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The Game Plan: Hull-Down

In other languages: vi th zh-tw ja

Welcome to The Game Plan! In today’s episode, Robin from PVP Super Friends highlights an oft-overlooked tactic that could very well save your skin the next time you’re caught in a tight situation – getting into hull-down position. Check out this useful guide, and be on the lookout for spots on the map where you can put this into practice when you’re on the field!

Good day! Today we will be discussing the importance of hull-down, how it’s performed, and some tricks that may help. First off, let’s discuss what is “hull-down”. Hull-down is simply hiding your tank’s hull behind a crest, pile of debris or earth, and even the wreckage of other tanks.

Now you may ask, why do this in the first place? Most tanks have sturdier turrets as compared to their hulls, and you simply become a smaller target by hiding your hull. Let’s take for example the American T32 Heavy Tank, which has a frontal hull armour of 127mm as compared to its turret 298mm armour. Can all tanks perform a hull-down? Yes, but some tanks are better suited for this manoeuvre than others. Now let’s go back to the American T32 Heavy Tank as mentioned earlier; it has an amazing gun depression and turret armour.

Utilizing a window to cover its soft hull, only exposing its hard turret

Using some debris as cover

Using the crest of a hill

Using the crest of a hill, from the top

Now here is the USSR IS-3 heavy tank. While it does not have the gun depression of the T32 heavy tank, it does have an amazing turret. It cannot effectively hull-down on a crest, but can do so on piles of debris or using the wreckage of other tanks.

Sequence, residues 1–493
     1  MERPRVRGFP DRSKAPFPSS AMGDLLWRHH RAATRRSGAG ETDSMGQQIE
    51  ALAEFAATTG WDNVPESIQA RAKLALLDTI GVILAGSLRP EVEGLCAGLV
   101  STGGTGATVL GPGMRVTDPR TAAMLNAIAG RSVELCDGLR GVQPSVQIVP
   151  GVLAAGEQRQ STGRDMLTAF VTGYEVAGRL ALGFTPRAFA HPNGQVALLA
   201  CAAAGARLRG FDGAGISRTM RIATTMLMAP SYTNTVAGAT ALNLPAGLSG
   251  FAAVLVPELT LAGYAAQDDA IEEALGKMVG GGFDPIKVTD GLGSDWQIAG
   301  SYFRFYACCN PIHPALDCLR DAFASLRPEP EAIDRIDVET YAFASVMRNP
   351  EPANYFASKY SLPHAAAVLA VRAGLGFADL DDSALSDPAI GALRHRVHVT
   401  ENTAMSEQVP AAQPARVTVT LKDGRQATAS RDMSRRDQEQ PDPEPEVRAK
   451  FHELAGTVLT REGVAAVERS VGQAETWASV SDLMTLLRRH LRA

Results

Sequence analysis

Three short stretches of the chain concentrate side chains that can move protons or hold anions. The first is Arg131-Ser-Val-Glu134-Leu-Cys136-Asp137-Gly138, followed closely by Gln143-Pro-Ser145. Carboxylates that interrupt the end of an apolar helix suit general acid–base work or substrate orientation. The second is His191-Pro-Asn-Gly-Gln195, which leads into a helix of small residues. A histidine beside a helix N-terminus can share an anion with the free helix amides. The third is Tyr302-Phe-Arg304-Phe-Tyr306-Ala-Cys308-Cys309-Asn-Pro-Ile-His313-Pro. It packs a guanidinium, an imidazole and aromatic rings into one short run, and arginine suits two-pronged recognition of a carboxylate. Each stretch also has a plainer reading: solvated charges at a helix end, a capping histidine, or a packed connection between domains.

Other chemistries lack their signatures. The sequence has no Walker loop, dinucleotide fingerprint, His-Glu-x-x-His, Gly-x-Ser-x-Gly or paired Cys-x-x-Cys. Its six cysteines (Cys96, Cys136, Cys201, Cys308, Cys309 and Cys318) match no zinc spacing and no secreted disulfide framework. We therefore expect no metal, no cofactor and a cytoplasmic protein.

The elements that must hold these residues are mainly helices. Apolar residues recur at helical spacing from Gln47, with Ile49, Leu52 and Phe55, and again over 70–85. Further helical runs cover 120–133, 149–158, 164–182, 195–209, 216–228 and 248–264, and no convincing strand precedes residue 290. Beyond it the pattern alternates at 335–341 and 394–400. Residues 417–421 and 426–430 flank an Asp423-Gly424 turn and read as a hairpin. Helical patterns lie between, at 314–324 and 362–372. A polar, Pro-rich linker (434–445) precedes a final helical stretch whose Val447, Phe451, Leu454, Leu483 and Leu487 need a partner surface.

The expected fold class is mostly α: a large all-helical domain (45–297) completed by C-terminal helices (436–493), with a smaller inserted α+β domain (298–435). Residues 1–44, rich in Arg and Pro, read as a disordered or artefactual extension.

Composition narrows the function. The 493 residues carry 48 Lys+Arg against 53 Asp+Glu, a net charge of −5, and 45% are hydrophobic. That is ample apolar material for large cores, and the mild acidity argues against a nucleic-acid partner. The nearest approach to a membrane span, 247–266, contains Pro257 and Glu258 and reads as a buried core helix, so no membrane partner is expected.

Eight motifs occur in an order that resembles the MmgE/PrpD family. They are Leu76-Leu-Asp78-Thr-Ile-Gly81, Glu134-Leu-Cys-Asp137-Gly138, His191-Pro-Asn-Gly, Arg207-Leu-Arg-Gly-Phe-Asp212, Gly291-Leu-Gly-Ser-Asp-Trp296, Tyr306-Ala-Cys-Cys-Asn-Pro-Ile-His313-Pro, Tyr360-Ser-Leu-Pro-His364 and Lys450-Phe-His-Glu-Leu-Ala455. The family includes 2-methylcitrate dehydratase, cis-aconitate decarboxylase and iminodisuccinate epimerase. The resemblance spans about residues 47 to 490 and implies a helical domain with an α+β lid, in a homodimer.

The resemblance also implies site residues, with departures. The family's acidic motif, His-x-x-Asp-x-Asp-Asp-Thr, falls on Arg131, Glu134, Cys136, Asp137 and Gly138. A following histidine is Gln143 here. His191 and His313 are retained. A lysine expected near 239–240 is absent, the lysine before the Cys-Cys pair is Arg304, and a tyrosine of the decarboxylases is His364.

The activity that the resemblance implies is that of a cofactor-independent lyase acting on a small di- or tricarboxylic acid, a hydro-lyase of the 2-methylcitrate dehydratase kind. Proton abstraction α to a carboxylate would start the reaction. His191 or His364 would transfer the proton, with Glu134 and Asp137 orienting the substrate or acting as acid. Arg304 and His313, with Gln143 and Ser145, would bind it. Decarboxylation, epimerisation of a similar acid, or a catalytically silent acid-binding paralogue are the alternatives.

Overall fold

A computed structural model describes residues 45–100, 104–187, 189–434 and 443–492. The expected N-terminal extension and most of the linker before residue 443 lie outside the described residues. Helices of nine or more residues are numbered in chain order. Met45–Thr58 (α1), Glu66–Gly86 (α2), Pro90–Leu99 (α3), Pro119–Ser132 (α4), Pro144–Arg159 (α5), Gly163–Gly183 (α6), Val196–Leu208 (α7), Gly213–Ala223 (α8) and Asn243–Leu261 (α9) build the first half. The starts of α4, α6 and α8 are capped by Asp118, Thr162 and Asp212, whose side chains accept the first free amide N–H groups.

The IS-3 using a window to hide its hull

Using debris

Now let’s take a look at the French AMX 50 100 heavy tank. It’s big, has a small turret, but lacks the armour and gun depression. Clearly this cannot be used for hull-down, right? No, you can still hull-down in this tank, but do not expect ricochets, and expect the enemy to aim longer at you, leaving himself exposed longer, because you are now a smaller target. No turret armour, but at least you’re harder to hit.

Here are some photos of ideal hull-down positions and how to properly perform them. One way to know if you have a good hull-down is by switching to sniper mode and checking the level of the crest. It should look like this:

Now let’s recap:

  1. All tanks can perform a hull-down – no exceptions! But there are some tanks that excel more at this manoeuvre than others (e.g. USA tanks).
  2. Use the crests of hills, craters, debris, windows, and even the wreckage of other tanks.
  3. For tanks with softer turrets, do not stay too long peeking – just get a shot in and hide while reloading, then pop back out for another shot.

That’s all for now, hope this little guide helped! And hope to see you in the battlefield! o7


To find out more about why it's so important to protect your hull, check out the video below!